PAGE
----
The sixth iteration of the season opened with Dana White continuing to voice his frustration toward the judging of last week’s fight between Igor Araujo and Nic Herron-Webb. Little did those watching at home know, but it would be a precursor of things to come.

“You got fucked out of a third round,” a demonstrative White told Herron-Webb.

Herron-Webb’s coach Roy Nelson had little else to add, stating, “It’s just one of those things. Don’t leave it in the hands of the judges.”

Back at the house, Team Carwin’s Matt Secor was shown conversing with Team Nelson’s Jon Manley. The pair discussed the differences between their coaches.

“Shane [Carwin] is the most caring dude ever,” Secor claimed. “I don’t think Roy [Nelson] cares about his team at all. If he cared about his team, he’d never have put Julian [Lane] against Bristol [Marunde]. He’s just in it for himself.”

The usual house antics continued as Colton Smith and Julian Lane decided to eat some of Team Carwin’s dinner, then throw away the rest of the chicken. The event sent Secor accusing anyone and everyone, “We’re all grownups here. If you see something that’s not yours, don’t touch it.”

Team Nelson’s Michael Hill, clearly aggravated, told Secor, “You’re a bitch. I’m calling you out.”

Despite the foreshadowing of a potential Secor-Hill bout, Team Carwin opted to match the most experienced fighter in the house, Eddy Ellis, against Army combative Colton Smith.

Ellis declared, “Colton is a great matchup for me.” Coach Carwin explained the choice, “Colton has great wrestling, but so does Eddy. Eddy is going to hit a running double [leg] and take Colton down.”

Meanwhile, Smith seemed content with the pairing, “I’m very confident in this fight. I’m better at everything he’s good at. He’s had his chance, this is my chance.” His sentiments were echoed by Nelson, “Colton’s a good wrestler. Eddy is really durable; has a lot of fights. He doesn’t have one skill that is really outstanding.”

The episode shifted toward Team Carwin’s training. UFC and Ultimate Fighter veteran Eliot Marshall preached the importance of inflicting damage during a fight. Coach Trevor Wittman made sure to remind Ellis that Smith would do anything necessary to win—citing Smith ducking under a glove touch to score a takedown in his elimination bout.

Ellis easily connected with Marshall’s training strategy, “I like to inflict damage on people. It’s not sadistic or anything, but I enjoy it. I want my opponent to feel punished on the inside.”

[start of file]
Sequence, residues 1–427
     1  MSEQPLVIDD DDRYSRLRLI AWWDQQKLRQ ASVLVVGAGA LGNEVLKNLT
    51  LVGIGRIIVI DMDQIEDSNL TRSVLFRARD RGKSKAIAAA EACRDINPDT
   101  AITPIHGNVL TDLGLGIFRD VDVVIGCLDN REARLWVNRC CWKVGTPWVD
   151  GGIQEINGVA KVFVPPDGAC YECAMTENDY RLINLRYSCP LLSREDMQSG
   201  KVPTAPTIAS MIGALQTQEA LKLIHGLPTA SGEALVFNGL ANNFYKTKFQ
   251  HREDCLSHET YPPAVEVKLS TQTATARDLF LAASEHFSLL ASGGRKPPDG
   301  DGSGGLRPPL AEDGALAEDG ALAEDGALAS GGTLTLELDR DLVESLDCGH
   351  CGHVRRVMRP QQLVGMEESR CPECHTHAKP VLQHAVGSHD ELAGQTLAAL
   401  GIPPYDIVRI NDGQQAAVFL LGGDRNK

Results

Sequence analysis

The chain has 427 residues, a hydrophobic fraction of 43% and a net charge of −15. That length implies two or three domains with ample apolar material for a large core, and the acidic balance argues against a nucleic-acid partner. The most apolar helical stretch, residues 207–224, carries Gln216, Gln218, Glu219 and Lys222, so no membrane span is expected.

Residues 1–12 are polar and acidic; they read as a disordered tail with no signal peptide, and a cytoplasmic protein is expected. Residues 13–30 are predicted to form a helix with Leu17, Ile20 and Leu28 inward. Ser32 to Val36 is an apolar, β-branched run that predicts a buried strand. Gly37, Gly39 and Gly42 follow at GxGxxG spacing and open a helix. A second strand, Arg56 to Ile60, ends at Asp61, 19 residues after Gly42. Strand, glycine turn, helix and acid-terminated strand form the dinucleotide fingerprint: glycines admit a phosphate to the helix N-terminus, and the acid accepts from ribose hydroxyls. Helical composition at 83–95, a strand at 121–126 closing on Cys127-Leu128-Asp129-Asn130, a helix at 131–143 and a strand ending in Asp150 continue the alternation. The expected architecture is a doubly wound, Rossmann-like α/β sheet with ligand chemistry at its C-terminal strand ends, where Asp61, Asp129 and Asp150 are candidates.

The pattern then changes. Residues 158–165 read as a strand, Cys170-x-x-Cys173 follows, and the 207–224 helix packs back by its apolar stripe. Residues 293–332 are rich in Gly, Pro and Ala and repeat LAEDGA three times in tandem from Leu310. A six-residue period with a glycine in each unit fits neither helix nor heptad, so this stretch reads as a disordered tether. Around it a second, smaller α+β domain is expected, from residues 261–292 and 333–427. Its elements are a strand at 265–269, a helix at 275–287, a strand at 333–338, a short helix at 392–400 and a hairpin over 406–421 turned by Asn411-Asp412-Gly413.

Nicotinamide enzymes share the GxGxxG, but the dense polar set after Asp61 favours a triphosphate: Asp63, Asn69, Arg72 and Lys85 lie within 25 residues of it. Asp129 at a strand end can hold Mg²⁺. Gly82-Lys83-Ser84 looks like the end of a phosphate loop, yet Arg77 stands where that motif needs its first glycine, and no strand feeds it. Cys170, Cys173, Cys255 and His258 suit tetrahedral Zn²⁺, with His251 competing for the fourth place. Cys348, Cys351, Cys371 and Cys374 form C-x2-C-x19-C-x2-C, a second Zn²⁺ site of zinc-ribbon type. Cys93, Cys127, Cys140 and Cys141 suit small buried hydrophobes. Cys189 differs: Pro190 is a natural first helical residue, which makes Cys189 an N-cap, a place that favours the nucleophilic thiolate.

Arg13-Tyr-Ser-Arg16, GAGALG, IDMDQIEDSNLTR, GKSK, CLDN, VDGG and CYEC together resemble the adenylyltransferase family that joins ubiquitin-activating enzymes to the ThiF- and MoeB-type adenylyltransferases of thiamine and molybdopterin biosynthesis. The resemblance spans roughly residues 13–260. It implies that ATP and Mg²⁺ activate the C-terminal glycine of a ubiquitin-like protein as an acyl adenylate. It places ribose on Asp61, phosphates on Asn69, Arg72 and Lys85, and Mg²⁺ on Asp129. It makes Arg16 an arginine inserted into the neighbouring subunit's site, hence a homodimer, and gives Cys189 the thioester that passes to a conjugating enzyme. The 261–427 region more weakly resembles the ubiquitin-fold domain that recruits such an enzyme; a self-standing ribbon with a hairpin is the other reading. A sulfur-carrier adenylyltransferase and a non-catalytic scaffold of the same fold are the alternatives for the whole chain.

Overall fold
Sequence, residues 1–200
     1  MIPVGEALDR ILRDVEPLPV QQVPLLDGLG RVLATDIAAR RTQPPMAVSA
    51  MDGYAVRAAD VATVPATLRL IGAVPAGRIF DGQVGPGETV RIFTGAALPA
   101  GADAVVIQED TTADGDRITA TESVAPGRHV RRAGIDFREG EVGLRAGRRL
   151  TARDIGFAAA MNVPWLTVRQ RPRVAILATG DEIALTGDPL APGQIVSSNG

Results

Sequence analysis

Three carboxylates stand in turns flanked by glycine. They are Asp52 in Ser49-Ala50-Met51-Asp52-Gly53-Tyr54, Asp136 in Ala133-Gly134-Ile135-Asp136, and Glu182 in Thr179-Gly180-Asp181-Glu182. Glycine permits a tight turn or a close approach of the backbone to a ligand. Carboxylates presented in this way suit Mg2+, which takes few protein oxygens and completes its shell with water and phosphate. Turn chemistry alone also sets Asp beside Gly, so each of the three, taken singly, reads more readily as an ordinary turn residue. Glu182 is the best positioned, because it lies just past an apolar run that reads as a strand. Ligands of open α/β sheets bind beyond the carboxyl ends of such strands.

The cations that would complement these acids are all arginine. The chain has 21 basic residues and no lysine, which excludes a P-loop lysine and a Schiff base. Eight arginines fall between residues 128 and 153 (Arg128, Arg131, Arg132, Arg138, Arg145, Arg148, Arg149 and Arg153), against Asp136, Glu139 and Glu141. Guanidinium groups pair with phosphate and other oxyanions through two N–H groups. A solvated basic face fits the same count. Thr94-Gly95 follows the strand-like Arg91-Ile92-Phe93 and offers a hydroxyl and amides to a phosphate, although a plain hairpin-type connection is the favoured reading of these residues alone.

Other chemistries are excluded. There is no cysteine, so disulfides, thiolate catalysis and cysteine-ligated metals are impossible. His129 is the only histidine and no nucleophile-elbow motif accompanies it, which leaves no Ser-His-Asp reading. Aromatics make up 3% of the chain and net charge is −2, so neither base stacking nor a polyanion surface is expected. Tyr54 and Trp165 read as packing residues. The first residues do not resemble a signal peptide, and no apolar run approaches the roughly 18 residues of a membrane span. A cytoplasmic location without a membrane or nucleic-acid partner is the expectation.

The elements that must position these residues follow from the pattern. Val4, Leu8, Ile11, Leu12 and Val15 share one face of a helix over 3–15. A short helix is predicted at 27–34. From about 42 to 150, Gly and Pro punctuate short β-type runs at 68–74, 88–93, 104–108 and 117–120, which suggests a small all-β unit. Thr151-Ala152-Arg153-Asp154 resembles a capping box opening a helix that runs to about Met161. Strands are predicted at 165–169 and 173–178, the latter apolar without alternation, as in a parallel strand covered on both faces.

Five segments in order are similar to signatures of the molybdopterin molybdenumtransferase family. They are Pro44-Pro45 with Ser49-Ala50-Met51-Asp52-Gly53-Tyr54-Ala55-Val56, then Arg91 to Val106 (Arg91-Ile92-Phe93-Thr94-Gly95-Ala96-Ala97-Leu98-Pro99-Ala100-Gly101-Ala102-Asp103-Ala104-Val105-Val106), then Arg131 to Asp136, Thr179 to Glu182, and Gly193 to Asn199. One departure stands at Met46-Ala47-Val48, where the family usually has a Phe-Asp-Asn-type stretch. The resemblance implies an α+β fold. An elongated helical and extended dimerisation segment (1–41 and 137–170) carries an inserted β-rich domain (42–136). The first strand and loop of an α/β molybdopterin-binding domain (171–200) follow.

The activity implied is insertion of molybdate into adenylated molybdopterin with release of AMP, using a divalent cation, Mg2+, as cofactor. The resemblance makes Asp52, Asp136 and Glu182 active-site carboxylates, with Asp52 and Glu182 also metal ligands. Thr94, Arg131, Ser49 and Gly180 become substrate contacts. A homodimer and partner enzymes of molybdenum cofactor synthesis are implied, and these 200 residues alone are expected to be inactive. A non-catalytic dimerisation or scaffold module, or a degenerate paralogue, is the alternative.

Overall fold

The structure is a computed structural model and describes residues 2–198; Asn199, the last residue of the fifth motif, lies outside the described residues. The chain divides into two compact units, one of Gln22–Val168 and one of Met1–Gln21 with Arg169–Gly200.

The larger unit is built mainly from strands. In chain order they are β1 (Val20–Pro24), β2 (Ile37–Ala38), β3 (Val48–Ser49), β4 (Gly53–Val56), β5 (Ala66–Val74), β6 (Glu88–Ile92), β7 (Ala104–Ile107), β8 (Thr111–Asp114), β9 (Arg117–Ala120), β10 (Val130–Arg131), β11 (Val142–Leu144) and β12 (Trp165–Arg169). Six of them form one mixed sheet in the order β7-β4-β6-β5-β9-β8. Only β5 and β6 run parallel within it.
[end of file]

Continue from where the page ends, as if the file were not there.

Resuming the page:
With more than 30 fights on his resume, Ellis revealed details of his up-and-down career. “I took fights to get my experience, not to get wins. I was kind of thrown to the wolves, but I learned through it. It made me the man I am today. The fight is the actual fun part. It’s natural to me. I get in the cage and let it all hang out. I’ve done it all. I’ve seen it all.”

As the focus turned to Team Nelson’s training, Smith was shown sparring with Julian Lane. However, as the pair finished up, Smith was visibly frustrated by Nelson’s training tactics and his constant calls for push kicks. Lane told his teammate, “Just be you.”

Smith recalled his Iowa upbringing, crediting his mother for raising him in a single-parent household. He explained how she led him to sports and wrestling, which then led to the Army. “I’m stationed at Fort Hood. The Army is where I found jiu-jitsu. That’s how I got to where I am today. Being in the military has helped me in my life and my MMA career. A guy in the cage can’t kill me; he’s unarmed, I’m unarmed. Ellis has been in a lot of wars in the cage, but he hasn’t been in any wars in the battlefield.”

Colton Smith vs. Eddy Ellis

Ellis opened the fight aggressively on the feet. Smith secured an over-under along the fence and used it to secure a takedown. Ellis scrambled back to his feet from the half guard, but was clipped by a left hand from Smith. Smith again looked for a takedown, but was countered by a whizzer from Ellis. Smith landed a few single shots on the feet, but Ellis scored with a combo and eventually stopped Smith in his tracks with a massive right hand. Ellis smelled blood and took the fight to the mat. He moved to side control and then Smith’s back. Ellis opened a big cut with an elbow, and then worked for an armbar, but Smith escaped. Despite the heavy pressure from Ellis, Smith survived the frame.

The story was quite different in the second round. Smith quickly scored a takedown and landed in the half guard of Ellis. Once there, he bombarded Ellis with elbows and punches from the top. Ellis’ right eye began to bleed profusely. Smith passed to side control and he smothered all of Ellis’ attempts to get back to this feet. Referee Herb Dean returned the fighters to the feet with a minute remaining, prompting Ellis to press. As he barreled forward, Smith clipped him, wobbling Ellis as the round closed.

Colton Smith def. Eddy Ellis by majority decision (19-18, 19-19, 19-18)

After the scorecards were read, a surprised Dana White recapped the fight, “In the first round, I thought Colton was going to get knocked out. Round two was not what I thought it was going to be. I thought Eddy would come out and finish him.”

Following the second round, White again expressed disbelief, “How is this fight done? I think everyone in the gym thought it was going to the third round. They’re handing out 10-8’s like it’s Christmas.”

A dejected Ellis was very direct with his post-fight feelings, “There’s no need to fluff me. A win’s a win, a loss is a loss.”

A victorious Smith credited his opponent, “I have mad respect for Eddy Ellis. He rocked me in the first round. But, like I said, I won’t quit.”

Smith’s win returned control to Team Nelson for next week’s episode.

Photo: TUF 16 Logo (UFC)

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